Wednesday, September 05 14:43:49
Sterling is expected to remain broadly firm, interrupted by a dip against the dollar later this year as the Bank of England prepares to print even more money through its quantitative easing programme, a Reuters poll showed today.
Faced with a still-fragile recovery, the Bank of England will beef up its 375 billion pound QE programme with an extra 50 billion pounds of additional bond purchases in November, a Reuters poll predicted last week.
But the outlook for sterling in the meantime remains broadly stable. One pound is seen worth $1.57 in a month, $1.55 in six months and $1.56 in a year, according to the poll of more than 60 analysts taken this week.
However, the range for the 12-month horizon in the poll widened to $1.39-$1.82 from $1.44-$1.78 in last month's survey, suggesting less certainty about where the currency was headed. "We are looking for continued weakness in the UK economy and therefore we think the BoE will be doing more QE. So there are some headwinds coming up for sterling," said Melinda Burgess, strategist at RBS.
Sterling has traded between $1.42 and $1.67 for the last two years but in the recent past it has been much less stable. The pound rose above $2.10 in November 2007 but crashed to $1.35 in January 2009, during the nadir of the global financial crisis.
It was changing hands on Wednesday at around a two-week high of $1.59 after PMI data published on Tuesday suggested the British economy may be improving. The economy contracted 0.5 percent in the second quarter, after shrinking 0.3 percent in the first and 0.3 percent at the end of 2011, marking Britain's second recession in four years. The euro zone economy narrowly escaped recession earlier this year by stagnating in the first quarter but a raft of gloomy data has pushed economists to predict it has also entered a downturn just as Britain is escaping one.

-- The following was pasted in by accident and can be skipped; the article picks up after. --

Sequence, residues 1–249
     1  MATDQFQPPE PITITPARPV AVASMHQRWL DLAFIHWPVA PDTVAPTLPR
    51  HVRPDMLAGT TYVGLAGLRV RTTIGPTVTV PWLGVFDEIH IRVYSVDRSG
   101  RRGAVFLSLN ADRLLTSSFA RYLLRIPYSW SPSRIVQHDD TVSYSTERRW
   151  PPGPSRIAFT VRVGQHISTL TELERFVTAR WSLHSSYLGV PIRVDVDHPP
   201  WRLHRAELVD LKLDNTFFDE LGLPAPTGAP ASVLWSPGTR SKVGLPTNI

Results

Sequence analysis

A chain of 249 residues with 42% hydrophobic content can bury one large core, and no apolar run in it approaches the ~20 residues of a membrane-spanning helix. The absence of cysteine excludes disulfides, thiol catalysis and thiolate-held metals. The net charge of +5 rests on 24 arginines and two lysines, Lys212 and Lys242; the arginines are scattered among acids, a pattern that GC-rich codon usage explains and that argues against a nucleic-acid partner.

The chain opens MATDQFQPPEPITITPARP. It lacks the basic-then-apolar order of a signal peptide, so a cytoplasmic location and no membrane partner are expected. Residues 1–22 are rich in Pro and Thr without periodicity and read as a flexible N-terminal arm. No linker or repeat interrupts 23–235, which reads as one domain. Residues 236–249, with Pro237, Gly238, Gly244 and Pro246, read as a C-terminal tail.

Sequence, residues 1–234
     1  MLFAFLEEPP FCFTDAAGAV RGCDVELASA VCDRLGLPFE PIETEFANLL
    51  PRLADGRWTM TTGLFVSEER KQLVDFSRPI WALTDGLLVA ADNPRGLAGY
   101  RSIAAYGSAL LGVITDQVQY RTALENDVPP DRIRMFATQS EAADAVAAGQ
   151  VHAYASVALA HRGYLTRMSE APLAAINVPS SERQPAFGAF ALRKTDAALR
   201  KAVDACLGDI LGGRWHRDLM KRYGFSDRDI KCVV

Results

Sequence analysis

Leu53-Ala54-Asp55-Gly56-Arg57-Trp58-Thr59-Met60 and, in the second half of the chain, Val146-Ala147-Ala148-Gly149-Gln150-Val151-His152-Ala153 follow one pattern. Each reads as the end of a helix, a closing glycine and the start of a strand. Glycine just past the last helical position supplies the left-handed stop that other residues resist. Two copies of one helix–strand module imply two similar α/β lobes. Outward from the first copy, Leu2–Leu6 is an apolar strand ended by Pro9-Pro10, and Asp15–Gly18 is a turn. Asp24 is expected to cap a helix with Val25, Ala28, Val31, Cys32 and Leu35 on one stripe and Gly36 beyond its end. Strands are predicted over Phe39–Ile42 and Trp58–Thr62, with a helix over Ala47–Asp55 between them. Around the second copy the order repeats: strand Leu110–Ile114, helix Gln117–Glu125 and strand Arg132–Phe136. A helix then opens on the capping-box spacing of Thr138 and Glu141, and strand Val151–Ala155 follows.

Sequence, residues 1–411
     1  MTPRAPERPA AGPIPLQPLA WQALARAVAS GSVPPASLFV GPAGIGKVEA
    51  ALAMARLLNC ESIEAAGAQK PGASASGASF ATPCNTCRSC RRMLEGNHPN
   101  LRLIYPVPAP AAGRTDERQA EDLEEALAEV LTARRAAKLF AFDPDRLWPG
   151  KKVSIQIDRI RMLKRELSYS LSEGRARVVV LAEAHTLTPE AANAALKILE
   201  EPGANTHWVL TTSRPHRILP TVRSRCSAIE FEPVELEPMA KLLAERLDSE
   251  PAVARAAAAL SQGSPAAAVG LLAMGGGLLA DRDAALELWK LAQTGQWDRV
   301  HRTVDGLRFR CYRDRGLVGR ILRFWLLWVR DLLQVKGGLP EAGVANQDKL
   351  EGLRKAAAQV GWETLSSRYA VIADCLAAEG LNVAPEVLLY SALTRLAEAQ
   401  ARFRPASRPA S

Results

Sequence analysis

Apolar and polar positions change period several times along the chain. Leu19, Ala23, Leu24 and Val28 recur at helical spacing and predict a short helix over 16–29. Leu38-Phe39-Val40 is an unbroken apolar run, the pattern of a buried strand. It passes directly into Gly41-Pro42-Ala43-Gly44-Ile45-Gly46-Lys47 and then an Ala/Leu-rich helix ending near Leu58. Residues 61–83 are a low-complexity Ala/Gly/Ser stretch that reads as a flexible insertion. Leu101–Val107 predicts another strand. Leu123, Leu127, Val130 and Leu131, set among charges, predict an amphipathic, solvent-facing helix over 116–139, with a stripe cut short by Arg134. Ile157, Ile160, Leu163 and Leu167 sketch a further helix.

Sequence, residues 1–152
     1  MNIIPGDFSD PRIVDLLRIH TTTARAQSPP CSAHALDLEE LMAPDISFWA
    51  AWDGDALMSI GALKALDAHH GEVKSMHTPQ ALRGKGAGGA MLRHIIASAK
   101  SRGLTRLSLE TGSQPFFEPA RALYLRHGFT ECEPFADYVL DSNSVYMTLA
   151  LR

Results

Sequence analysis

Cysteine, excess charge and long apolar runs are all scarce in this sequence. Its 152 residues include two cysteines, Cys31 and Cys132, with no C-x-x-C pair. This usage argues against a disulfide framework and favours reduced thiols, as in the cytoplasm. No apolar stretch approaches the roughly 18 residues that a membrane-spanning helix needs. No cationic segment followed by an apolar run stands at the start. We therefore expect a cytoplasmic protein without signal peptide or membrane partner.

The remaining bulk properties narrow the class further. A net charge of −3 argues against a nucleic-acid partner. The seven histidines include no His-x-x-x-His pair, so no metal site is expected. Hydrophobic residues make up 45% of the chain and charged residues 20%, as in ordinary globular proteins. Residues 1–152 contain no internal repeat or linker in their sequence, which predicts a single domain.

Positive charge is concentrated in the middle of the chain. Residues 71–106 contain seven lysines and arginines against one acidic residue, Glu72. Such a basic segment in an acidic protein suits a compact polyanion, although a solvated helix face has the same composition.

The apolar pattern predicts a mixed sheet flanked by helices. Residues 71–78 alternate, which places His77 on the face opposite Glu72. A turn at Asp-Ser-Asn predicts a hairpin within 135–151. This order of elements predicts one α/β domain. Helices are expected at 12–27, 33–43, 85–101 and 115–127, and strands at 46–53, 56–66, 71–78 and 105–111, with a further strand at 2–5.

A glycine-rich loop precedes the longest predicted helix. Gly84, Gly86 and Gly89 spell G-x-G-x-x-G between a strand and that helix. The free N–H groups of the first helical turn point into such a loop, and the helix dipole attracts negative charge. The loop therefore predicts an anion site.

The euro zone is the UK's biggest trading partner and any easing of the sovereign debt crisis is seen as positive for sterling, especially against the safe-haven dollar.
Against the euro sterling will gain some ground, with one euro worth 79.1 pence in one month, 78.2p in six and 78.3p in a year. It was trading at 79.0p earlier today.
Expectations that the European Central Bank will soon take measures to stem the region's crisis have supported the pound. When the ECB meets on Thursday it is widely expected to announce a bond-buying programme aimed at lowering borrowing costs for Spain and Italy.
U.S. Federal Reserve Chairman Ben Bernanke stopped short last week of giving a clear signal that another round of bond purchases was imminent but financial markets have ramped up bets of a further easing of monetary policy at the central bank's Sept. 12-13 meeting. (C ) Reuters